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Understanding the Importance of Triple-Entry Accounting

Between 5,000 and 10,000 years ago farmers in Mesopotamia, where agriculture was born, used physical object to count crops and animals . The distinction between types of crops or animals was made by using different types and shapes of objects.

Then, in about 3200 BC, around 5,000 years ago, the first spreadsheet was invented.  These farmers began documenting information using clay tablets in the earliest form of human writing ever discovered called Cuneiform.  They partitioned their clay tablet into rows, columns, and cells.  These farmers used single-entry accounting.

Source: Metropolitan Museum

In 1211 AD a bank in Florence, Italy was the first documented use of double-entry accounting.  Between 1299 AD and 1300 AD double-entry accounting came of age.  In 1494 AD during the Renaissance, Venetian mathematician and Franciscan friar Luca Pacioli  published a book, Summa de arithmetica, geometria. Proportioni et proportionalita (Sum of Arithmetic, Geometry, Proportion and Proportionality).  That book documented the double-entry approach bookkeeping and recommended that others use this approach.  The double-entry approach allowed for better error detection and the ability to differentiate unintended errors from fraud.  Accountants adopted that new approach. 

Most recently there are discussions about immutable mutual digital distributed ledgers using cryptographic technologiesOne technology that can be used to implement a digital distributed ledger is blockchain. People are calling this "triple-entry accounting".  Some say that triple-entry is the most important invention in 500 years.  Basically what triple-entry does is create a link between the two double-entry systems documenting that the transactions in the two systems go together.

There is a little bit of a dispute around the true meaning of "triple-entry". Yuji Ijiri was first credited with using the term but the blockchain folks seem to have perhaps redefined the terma bit. I am using the term "triple-entry" as the blockchain people and Ian Grigg tend to use the term.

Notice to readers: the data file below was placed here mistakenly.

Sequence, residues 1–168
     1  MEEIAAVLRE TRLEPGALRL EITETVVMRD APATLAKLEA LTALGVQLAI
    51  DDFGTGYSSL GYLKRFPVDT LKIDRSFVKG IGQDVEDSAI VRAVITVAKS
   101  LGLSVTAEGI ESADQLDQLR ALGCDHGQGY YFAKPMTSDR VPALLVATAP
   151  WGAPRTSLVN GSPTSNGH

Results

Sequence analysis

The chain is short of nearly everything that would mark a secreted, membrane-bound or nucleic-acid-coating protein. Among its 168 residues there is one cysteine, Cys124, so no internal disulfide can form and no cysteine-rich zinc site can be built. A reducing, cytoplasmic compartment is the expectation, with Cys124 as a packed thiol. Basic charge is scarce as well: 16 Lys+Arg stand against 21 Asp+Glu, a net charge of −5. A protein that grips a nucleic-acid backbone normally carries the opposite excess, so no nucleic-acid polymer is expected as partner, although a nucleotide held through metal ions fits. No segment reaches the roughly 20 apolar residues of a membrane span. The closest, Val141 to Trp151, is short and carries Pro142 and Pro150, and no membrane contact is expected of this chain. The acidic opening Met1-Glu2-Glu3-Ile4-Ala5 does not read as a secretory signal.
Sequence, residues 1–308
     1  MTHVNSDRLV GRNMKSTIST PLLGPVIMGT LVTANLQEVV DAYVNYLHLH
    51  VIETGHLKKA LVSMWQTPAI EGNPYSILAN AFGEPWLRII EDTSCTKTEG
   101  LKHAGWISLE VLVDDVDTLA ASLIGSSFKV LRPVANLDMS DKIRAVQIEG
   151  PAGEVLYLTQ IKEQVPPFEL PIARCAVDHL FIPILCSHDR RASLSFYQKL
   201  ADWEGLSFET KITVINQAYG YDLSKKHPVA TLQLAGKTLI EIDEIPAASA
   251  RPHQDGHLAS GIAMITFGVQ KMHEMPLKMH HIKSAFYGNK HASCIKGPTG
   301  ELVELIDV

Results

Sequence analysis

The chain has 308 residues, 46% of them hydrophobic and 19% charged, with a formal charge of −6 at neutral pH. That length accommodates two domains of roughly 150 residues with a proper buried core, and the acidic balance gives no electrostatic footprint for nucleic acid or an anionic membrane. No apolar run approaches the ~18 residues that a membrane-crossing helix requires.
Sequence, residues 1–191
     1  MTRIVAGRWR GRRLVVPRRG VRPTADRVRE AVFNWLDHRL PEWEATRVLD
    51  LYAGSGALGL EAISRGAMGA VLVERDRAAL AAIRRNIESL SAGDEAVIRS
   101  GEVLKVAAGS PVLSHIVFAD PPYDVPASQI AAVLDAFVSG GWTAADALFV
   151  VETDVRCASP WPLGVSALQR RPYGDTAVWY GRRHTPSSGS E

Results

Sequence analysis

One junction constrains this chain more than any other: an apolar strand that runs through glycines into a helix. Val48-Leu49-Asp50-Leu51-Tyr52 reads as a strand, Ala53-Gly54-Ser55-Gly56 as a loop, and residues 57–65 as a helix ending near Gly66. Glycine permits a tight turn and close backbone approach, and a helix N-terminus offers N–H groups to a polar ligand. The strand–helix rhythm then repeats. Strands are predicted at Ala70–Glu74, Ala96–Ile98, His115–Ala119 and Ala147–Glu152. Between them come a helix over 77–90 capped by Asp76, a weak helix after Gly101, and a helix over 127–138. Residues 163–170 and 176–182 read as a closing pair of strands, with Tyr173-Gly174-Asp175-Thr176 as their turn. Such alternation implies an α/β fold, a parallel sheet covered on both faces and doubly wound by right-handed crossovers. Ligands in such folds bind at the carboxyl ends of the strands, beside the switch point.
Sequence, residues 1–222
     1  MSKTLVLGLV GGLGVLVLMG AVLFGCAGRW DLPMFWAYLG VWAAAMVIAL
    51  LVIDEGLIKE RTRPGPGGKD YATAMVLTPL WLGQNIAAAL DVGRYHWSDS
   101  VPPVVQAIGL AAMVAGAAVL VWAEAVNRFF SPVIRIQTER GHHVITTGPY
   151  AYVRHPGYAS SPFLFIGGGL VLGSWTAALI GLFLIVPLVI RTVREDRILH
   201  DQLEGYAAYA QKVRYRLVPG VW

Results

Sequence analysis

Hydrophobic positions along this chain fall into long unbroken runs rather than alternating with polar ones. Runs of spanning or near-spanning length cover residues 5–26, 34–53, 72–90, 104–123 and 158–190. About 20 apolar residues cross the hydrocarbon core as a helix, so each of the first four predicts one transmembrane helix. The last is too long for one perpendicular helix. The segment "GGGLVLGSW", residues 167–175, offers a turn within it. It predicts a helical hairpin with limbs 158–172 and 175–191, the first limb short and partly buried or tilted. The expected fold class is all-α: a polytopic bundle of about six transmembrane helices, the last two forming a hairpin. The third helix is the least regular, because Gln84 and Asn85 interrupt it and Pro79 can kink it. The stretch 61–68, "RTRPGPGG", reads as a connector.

Here is the bottom line: 

  • A single-entry is not much more than a glorified list.
  • Double-entry is in essence posting a transaction to two different single-entry ledgers with different parties responsible for each ledger. When you use a double-entry ledger what the transaction represents has to be explained by reasoning, the two transactions logically go together. Removing or changing part of the transaction will make the transaction illogical.  Double-entry allows for the detection of errors and the differentiation of an unintentional error from fraud. 
  • Triple-entry further builds on double-entry in that triple-entry links a transaction in two double-entry ledgers and the link is publicly available for all to see the transaction.  You are still able to explain the reasoning behind the entry but additionally the transaction is visable for all to see which makes it very tough to lie since others are watching.  It would be illogical for the transaction to not be reflected the same in both ledgers.

With the volume of transactions growing and complexity increasing; triple-entry accounting intuitively seems like a potentially valuable tool. Perhaps those experimenting with triple-entry accounting might come up with something useful.


Toward Blockchain-Based Accounting and Assurance

Posted on Monday, October 8, 2018 at 03:52PM by Registered CommenterCharlie in | CommentsPost a Comment

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